As some of you know I just returned from a creative retreat in Nashville. I have attended many creative retreats and women’s events over the years. I even host my own workshops and retreats, but something made this one different. That’s what I hope to communicate in this post.
I, like an eager and hopeful little girl looking for the pony in the stall of manure have continued to search for my “community” and “tribe”, even though many a women’s retreat have felt like forcing myself into a small shoe box when I feel more like a pair of boots.
I find life often speaks allegorically. One of my own personal parables began to surface about five or six years ago when I was traveling to Los Angeles to lead a workshop and was surprisingly upgraded to first class on my flight.
I confess I am a repeat offender when it comes to misuse of verbiage. I’m one that causes the grammar police to cringe reading my posts on Facebook. Does that stop me? Heck no!
Years ago dining with a pastor and group of his friends I casually threw out the word Gonad! Can you believe it? Yes I did! Suddenly silence rolled over the group of alarmed parishioners. Of course when I got home my husband explained that the slang I used to reference an idiotic person technically was defining male anatomy rarely mentioned in church!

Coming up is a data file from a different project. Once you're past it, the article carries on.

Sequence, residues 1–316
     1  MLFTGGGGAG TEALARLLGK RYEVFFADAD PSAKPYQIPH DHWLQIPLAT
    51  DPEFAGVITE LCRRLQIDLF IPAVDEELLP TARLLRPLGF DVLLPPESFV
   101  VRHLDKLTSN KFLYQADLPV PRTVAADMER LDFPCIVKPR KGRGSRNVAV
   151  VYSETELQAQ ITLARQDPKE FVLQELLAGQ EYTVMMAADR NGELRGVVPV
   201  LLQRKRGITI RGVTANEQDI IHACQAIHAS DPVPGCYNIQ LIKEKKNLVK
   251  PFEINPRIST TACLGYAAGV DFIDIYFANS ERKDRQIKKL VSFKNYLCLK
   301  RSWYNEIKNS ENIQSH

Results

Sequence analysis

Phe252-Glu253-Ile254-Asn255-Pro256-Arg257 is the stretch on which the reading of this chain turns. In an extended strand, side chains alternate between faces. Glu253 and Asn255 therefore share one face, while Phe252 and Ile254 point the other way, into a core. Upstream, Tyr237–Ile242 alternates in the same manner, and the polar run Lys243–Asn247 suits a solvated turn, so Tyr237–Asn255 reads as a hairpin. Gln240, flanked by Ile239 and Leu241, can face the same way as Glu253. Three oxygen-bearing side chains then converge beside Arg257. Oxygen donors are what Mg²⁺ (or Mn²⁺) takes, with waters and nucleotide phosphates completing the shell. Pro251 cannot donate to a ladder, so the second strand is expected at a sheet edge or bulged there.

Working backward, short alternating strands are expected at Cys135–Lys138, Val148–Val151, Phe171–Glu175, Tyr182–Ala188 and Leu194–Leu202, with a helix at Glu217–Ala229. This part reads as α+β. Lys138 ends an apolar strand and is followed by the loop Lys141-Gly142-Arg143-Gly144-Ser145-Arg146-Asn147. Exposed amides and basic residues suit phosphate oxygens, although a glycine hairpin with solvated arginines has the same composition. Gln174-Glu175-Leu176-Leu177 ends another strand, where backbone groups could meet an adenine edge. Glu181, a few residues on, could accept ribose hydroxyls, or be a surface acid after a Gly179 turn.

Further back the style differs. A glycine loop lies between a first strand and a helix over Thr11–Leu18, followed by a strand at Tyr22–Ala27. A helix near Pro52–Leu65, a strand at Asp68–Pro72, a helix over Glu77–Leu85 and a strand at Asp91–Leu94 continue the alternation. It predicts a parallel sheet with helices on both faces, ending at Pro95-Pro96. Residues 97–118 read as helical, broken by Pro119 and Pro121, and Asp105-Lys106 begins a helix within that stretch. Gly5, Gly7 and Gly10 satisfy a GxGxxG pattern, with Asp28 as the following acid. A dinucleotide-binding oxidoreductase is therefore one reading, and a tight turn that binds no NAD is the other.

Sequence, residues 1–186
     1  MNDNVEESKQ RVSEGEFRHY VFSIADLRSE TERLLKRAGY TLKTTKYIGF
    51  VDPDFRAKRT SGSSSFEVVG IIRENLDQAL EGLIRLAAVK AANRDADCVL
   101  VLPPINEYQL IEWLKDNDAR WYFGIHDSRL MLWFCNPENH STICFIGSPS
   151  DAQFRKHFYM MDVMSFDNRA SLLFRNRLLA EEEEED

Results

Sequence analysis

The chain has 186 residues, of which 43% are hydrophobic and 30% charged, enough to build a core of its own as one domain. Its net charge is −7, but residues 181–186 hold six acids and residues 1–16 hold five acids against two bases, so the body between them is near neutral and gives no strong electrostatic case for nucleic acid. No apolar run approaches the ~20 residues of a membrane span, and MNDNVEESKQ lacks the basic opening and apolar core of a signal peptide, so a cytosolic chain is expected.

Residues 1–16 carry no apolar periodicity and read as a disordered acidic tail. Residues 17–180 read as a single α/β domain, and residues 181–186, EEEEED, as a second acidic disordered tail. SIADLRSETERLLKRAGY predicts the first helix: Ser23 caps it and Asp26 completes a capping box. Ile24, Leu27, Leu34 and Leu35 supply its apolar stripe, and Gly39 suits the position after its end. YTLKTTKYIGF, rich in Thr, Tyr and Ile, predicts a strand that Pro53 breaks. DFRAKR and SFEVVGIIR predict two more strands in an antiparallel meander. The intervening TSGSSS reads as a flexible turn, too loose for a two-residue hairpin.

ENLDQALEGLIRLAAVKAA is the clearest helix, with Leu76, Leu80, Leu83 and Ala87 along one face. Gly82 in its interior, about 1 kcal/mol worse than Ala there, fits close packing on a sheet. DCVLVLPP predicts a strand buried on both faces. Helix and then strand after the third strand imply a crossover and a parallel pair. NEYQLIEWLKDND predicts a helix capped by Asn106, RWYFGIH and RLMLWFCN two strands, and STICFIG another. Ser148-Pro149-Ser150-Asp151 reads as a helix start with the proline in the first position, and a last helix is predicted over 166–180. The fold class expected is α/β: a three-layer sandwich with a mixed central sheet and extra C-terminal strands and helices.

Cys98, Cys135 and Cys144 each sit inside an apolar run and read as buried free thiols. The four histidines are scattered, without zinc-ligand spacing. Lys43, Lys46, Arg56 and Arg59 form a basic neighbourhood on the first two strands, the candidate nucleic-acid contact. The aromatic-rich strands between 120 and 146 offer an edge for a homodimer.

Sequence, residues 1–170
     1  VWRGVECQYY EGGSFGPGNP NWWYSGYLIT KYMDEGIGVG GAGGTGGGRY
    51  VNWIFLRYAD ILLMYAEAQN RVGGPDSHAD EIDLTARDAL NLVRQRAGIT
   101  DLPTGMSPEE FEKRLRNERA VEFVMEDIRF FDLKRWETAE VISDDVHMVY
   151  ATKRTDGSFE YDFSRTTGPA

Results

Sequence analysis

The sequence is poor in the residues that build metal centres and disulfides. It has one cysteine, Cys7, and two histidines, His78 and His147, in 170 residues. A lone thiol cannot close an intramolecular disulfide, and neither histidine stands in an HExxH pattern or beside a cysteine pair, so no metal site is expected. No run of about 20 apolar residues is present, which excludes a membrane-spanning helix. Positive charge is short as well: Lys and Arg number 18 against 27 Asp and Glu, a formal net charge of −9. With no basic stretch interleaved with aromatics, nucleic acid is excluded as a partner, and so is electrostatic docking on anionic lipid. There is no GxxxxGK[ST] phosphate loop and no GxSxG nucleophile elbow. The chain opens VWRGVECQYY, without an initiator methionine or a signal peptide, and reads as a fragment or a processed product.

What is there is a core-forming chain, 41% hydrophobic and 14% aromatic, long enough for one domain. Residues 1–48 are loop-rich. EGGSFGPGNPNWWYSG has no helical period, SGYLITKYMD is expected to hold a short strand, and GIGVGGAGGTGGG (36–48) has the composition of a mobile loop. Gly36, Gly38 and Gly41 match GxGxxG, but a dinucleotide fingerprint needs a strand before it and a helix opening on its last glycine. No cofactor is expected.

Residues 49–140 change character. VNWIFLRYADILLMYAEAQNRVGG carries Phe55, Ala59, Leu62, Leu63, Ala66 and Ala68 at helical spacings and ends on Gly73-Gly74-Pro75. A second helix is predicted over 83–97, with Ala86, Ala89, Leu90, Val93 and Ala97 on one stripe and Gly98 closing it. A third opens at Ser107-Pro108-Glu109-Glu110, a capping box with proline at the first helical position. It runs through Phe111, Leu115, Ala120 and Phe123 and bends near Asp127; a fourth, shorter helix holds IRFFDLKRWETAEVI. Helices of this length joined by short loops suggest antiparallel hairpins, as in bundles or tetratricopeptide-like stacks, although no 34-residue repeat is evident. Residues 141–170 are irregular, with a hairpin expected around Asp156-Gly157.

Another time I spoke of my shoe fetish and was informed by yet another pastor/friend that the word fetish was not relevant to shoes, because it referred to sorcery and sexual fixations.
You’d think those two encounters alone would have stopped me in my tracks and sparked an immediate case of laryngitis, but boldly I continue to speak and write. The truth is you just don’t know what you don’t know!
Sometimes I feel the need to guard my heart turf. You know those days when an aspect of life feels unsafe and the warning signal starts flashing to enlist the boarder patrol?
I have triggers. We all do. Many of us grew up in a home with an unstable parent and went on to experience a culture of instability. What wouldn’t set off triggers?
I’ve learned to help my trigger-reactive heart through dangerous landmines. I’ve come to understand that my triggers are in place to protect me. They signal a perceived threat. Sometimes the threat may only be imagined, reminding me of a previous experience. That is when I get the opportunity to reevaluate my reaction and response in the here and now, choosing to reframe outdated Intel. Other times I may sense the real need to protect myself from intruders breaching my boarders.
This is never a neat and tidy operation, because our hearts are not machines. However, getting comfortable with untidiness helps us befriend our heart rather than betray it.